Tag Archive: Review 21


Sex, Drugs, and Rock ‘n Roll

We are still here! It has been quiet the last two weeks at the blog, J and and I know– it’s a case of the Aprils. You see in academia, April really is the cruelest month. Why? Well, everything culminates in April. Lots of grading to do, all these events to go, meeting after meeting, graduation coming up, preparing for any travel/research for the summer. It gets chaotic. So we are still here and still reading, just the pace is a bit slow, and might be for a few weeks.

Anyway today’s book is Life by Keith Richards of the Rolling Stones. I have been on a memoir kick lately, and when this book came in from the library (I placed it on hold months ago) I just had to read it. It is a big, rambling book, with a distinctive story-telling style. The kind of book that is best read leisurely, which is part of the reason why it took me so long since it tops out at 600+ pages. But yes, what a life it is.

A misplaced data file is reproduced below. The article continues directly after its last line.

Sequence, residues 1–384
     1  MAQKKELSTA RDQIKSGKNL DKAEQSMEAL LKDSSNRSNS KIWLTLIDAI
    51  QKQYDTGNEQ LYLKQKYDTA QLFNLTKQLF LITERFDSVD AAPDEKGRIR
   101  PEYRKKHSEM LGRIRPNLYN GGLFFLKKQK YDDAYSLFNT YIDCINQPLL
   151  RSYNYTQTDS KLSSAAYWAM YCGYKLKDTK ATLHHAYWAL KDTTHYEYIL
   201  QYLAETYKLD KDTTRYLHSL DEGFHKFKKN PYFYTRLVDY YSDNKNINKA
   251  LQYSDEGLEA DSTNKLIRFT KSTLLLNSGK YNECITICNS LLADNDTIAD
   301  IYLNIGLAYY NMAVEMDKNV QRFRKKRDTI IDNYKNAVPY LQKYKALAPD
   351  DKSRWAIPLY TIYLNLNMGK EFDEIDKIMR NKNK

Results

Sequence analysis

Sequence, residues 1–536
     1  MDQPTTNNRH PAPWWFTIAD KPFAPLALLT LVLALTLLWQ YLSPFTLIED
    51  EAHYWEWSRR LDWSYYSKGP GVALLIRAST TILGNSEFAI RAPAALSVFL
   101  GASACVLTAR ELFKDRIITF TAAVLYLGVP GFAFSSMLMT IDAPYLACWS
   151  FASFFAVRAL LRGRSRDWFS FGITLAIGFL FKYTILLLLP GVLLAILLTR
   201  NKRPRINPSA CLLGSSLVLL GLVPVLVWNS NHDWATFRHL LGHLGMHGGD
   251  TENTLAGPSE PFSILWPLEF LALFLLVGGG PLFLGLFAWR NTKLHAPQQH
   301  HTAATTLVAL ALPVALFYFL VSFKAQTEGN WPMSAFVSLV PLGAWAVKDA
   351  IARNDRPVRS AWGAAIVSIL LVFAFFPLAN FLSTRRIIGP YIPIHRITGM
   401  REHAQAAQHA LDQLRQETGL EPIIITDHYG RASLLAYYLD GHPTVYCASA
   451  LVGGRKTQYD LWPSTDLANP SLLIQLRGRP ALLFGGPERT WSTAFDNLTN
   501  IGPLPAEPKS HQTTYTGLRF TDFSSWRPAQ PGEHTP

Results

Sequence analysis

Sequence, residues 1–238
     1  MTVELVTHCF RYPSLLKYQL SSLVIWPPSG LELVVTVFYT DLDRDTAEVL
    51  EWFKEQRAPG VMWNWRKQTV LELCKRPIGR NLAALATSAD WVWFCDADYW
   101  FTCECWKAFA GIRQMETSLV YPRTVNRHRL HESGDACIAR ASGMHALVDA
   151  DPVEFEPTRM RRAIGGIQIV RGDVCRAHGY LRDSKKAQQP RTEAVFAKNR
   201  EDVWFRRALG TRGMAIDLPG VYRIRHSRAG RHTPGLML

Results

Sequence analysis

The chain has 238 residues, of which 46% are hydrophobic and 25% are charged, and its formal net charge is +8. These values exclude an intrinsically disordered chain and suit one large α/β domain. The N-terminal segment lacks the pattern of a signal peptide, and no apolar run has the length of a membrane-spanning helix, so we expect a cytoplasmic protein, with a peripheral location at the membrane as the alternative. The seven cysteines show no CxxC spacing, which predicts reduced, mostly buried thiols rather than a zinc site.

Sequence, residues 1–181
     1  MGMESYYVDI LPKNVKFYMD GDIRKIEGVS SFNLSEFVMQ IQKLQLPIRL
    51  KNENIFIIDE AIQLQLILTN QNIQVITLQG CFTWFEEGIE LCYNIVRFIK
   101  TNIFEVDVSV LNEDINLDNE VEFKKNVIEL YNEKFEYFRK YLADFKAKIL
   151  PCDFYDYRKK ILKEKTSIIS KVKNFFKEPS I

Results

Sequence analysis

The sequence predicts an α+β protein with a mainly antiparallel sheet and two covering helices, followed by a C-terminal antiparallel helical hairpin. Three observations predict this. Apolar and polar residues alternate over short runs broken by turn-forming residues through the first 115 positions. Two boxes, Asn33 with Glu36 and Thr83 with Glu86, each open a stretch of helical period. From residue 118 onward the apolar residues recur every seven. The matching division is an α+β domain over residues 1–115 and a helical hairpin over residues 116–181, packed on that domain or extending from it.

Richards is infamous for his life– his battles with drug addiction, his battles with the Stones’s frontman Mick Jagger (who despite it all, he clearly loves as family– but the thing about family is that sometimes they can get you pretty angry even when you love them.) His famous womanizing. It is all in there, with a great amount of frankness (this is not stuff your kid should read– although to be fair, Richards does not glamorize his junkie phase at all. Rather he comes to terms with it with a refreshing pragmatism.) The book is at times entertaining, thought-provoking and quite funny. It is also surprisingly touching, as when Richards addresses the death of his young son, who he clearly continues to mourn, and his relationship with his mom, who he adored– and he is certainly progressive. In an era when segregation was still the norm in America, Richards embraced African-American culture wholeheartedly, as well as the people.  Richards also admits that he has always played to his bad-boy image because it has been what people expect of him. The book is extraordinarily rich and I can’t do it justice really in a few paragraphs.